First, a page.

Do you feel like your emotions control you more than you control them? Maybe you feel like your mood is as temperamental as the weather, or you struggle to follow through on goals you've set. 

If this sounds like you, we bet you wish you could be a little more resolute: stick it out when the going gets tough, tick through your to-do list when motivation is lacking, and remain calm and kind even as difficulties arise. 

Well, the good news is that it's entirely possible to better regulate your emotions and live a happier life. The secret to doing it? Strengthening your emotional resilience muscles by harnessing the power of mind-hacking. 

What is emotional resilience? 

At its simplest, emotional resilience is your ability to cope with life's ups and downs. A person with high levels of emotional resilience will quickly bounce back from perceived difficulties and manage stressful situations gracefully.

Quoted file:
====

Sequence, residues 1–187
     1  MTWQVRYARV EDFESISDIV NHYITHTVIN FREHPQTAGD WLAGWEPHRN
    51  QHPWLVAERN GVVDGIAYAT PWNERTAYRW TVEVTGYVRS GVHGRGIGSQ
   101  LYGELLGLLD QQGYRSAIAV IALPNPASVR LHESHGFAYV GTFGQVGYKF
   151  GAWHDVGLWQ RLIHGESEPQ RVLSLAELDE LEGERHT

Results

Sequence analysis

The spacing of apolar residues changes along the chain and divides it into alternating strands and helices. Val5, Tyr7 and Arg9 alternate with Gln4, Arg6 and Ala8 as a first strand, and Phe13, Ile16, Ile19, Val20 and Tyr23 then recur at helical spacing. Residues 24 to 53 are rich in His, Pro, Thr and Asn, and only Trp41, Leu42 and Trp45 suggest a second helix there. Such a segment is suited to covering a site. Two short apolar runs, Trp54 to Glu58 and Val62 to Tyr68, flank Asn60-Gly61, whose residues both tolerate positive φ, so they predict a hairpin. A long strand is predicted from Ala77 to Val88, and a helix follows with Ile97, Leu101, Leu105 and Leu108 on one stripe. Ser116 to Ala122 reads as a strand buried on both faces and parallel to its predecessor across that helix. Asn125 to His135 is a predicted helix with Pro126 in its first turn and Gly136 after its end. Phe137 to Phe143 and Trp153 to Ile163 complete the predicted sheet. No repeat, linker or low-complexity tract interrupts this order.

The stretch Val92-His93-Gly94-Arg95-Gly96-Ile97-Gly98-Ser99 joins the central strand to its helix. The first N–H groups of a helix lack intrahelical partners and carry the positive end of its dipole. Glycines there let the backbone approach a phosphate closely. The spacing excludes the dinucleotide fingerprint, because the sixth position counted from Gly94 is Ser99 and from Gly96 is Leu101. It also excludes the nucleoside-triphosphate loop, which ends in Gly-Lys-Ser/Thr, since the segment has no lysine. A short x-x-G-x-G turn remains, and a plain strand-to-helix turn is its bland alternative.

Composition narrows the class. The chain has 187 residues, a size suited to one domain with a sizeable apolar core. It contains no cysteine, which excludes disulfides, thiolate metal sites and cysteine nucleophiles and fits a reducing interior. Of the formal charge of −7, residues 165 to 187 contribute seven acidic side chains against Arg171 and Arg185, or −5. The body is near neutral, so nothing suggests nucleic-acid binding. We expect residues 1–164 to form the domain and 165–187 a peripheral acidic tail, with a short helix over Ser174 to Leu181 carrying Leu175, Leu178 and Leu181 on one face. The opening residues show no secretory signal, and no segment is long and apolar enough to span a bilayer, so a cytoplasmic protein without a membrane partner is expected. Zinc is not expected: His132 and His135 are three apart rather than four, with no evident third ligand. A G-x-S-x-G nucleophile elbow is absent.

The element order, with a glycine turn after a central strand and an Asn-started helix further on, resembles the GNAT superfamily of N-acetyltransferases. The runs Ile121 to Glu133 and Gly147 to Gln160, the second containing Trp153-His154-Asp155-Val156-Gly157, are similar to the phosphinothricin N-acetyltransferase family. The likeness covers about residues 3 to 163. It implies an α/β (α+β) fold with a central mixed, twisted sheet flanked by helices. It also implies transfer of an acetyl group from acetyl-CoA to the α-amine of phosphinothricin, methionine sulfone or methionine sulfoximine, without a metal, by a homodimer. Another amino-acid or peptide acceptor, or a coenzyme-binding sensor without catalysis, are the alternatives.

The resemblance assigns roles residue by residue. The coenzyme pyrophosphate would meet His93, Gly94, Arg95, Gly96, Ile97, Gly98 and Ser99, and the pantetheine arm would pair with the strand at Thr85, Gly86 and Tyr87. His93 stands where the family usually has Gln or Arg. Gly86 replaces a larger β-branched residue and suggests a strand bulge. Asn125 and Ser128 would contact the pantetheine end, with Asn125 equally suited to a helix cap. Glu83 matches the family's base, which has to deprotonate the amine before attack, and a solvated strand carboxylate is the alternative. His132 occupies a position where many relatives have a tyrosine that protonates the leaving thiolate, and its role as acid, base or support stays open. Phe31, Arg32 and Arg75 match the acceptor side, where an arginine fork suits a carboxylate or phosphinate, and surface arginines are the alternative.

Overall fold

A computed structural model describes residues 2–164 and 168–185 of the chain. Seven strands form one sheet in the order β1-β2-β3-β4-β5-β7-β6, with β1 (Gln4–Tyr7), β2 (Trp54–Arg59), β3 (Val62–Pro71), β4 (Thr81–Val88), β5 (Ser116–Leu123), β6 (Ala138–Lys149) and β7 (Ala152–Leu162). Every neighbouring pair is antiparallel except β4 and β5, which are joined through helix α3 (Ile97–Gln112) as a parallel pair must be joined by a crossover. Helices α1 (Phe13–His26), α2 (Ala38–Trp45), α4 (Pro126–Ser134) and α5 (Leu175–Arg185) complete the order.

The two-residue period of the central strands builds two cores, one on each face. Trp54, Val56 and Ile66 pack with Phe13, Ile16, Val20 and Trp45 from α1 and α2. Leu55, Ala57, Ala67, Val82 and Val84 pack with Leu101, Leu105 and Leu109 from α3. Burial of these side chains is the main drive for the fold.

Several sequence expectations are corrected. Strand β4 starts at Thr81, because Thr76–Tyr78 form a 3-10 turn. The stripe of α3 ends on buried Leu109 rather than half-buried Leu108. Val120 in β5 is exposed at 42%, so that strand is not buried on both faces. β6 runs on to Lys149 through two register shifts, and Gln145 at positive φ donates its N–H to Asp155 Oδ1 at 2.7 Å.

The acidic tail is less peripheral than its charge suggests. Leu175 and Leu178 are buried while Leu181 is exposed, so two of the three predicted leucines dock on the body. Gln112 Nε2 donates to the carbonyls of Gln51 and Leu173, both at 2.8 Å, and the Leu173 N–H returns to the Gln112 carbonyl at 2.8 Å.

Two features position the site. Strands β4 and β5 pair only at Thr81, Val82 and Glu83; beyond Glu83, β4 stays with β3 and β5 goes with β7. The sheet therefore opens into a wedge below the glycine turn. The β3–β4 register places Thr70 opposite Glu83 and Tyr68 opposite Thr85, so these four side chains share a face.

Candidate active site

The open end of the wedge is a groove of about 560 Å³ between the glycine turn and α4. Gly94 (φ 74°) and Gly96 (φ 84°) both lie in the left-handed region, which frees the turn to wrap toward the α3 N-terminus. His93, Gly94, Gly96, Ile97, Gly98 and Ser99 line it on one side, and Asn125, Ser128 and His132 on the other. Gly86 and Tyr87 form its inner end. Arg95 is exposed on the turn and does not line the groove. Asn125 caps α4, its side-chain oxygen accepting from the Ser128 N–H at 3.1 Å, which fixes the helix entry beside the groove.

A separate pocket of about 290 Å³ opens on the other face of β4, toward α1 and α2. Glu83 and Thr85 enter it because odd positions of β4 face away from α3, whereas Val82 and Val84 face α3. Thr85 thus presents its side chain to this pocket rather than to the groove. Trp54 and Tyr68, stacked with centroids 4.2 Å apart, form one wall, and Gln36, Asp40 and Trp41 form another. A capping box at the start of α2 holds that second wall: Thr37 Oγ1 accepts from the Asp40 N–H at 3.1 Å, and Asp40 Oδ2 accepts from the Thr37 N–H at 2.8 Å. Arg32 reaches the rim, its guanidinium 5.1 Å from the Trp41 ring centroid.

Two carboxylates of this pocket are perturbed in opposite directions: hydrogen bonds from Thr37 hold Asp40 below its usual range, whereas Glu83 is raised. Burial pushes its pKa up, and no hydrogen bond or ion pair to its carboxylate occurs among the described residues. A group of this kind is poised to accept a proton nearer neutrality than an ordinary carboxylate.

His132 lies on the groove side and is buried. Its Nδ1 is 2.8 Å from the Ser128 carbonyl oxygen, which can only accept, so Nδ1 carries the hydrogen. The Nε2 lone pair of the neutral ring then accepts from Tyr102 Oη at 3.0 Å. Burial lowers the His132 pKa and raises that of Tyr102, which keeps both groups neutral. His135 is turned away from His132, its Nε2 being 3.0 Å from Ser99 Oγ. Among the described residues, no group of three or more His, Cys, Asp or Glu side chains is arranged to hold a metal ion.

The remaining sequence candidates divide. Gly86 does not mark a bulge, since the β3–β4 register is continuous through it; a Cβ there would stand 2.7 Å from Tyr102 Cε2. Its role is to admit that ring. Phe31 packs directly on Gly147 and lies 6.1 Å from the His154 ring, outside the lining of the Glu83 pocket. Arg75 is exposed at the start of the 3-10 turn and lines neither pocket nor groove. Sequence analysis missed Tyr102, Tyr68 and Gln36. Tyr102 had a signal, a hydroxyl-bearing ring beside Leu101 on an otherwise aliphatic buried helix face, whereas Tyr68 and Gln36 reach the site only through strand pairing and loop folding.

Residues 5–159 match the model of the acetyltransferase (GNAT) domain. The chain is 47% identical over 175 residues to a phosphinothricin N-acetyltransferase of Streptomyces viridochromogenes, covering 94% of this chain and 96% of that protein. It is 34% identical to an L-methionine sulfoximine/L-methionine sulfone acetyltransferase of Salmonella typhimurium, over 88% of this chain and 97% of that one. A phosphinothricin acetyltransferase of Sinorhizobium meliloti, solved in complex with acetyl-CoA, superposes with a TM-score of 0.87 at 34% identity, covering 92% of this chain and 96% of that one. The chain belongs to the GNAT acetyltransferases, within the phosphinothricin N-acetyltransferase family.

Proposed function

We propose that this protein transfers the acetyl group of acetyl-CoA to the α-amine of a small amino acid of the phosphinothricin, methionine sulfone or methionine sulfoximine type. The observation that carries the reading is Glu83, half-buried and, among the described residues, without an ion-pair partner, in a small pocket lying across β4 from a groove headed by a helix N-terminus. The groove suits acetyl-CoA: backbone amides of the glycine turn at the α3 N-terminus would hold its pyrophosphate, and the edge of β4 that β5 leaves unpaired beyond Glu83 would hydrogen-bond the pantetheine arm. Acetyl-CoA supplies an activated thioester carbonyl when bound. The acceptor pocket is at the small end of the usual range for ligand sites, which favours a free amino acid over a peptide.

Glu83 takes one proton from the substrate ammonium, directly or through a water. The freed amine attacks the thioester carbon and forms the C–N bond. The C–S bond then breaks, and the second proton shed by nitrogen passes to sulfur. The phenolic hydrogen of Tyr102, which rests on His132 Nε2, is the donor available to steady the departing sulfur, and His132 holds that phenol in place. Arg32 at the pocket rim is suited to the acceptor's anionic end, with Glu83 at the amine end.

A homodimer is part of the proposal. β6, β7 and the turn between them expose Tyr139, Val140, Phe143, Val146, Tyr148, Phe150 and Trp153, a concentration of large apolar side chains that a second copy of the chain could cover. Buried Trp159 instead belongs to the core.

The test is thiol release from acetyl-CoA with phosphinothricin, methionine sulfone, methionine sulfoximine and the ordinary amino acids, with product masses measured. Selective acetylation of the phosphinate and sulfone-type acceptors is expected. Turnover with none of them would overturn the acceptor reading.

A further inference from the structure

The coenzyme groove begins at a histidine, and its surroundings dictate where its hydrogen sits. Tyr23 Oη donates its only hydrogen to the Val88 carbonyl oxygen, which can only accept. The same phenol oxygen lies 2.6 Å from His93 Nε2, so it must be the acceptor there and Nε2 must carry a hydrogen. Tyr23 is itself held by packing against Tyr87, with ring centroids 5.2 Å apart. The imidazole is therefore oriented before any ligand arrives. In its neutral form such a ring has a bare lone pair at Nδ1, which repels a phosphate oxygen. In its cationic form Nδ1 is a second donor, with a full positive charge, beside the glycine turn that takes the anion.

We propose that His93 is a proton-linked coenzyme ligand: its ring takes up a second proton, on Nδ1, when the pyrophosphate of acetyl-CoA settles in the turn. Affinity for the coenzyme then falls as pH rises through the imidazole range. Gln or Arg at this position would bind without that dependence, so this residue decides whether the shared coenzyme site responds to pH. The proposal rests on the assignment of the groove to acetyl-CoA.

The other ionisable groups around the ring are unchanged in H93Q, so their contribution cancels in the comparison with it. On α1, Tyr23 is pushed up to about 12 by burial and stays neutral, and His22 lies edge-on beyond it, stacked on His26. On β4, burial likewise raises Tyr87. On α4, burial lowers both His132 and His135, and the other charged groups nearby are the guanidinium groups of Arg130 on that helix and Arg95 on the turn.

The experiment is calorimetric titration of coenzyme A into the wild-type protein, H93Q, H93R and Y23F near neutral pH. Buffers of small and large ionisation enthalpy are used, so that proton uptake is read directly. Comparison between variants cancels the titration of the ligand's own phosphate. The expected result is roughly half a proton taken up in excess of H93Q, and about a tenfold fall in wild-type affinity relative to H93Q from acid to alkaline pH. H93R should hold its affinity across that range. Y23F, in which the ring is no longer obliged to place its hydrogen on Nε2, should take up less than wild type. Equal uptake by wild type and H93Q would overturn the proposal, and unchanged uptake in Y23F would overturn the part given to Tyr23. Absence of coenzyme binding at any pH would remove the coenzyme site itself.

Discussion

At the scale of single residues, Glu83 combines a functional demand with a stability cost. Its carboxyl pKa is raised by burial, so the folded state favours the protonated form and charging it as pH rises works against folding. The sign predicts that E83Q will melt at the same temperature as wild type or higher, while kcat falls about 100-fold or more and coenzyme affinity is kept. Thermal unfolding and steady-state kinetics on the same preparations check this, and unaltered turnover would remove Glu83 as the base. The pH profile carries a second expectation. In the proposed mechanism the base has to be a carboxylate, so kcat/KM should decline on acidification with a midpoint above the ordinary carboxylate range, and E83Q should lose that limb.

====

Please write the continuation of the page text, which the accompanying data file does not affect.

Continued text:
People who have developed this quality are also more likely to push themselves outside their comfort zones, say yes to new opportunities, and view life through an optimistic lens.

In conjunction, someone with low levels of emotional resilience will find it more challenging to deal with adversity. They may carry a deep feeling that they're not reaching their full potential, turn to unhealthy coping mechanisms when stressed and suffer from feelings of low self-esteem, doubt and anxiety. 

If you're wondering where you fall on the emotional resilience scale, we recommend taking the Big Five personality test. While emotional resilience is not a facet of the Big Five in itself, it strongly correlates to high degrees of Openness and Agreeableness and low Neuroticism scores, so bear that in mind when you review your results! 

What is mind-hacking? 

Built on the principles of mindfulness and cognitive behavioral therapy, mind-hacking centers around the idea that you can reprogram the way you think and feel to improve emotional wellbeing. 

In the same way that you can hack into a computer and alter the code, you can gently reprogram the neural pathways in your brain, creating an inner experience that is more stable, fulfilling and peaceful.

Now, what many emotionally resilient people might not realize is that they have developed the skill of mind-hacking in leaps and bounds.